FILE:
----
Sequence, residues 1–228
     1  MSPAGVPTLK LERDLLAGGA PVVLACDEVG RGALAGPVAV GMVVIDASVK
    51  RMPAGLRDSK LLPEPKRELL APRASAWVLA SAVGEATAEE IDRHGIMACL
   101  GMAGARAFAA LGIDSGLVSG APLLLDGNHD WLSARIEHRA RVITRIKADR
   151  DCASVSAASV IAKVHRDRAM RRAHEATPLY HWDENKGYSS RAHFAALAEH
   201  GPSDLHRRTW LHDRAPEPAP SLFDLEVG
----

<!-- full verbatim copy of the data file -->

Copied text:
Sequence, residues 1–228
     1  MSPAGVPTLK LERDLLAGGA PVVLACDEVG RGALAGPVAV GMVVIDASVK
    51  RMPAGLRDSK LLPEPKRELL APRASAWVLA SAVGEATAEE IDRHGIMACL
   101  GMAGARAFAA LGIDSGLVSG APLLLDGNHD WLSARIEHRA RVITRIKADR
   151  DCASVSAASV IAKVHRDRAM RRAHEATPLY HWDENKGYSS RAHFAALAEH
   201  GPSDLHRRTW LHDRAPEPAP SLFDLEVG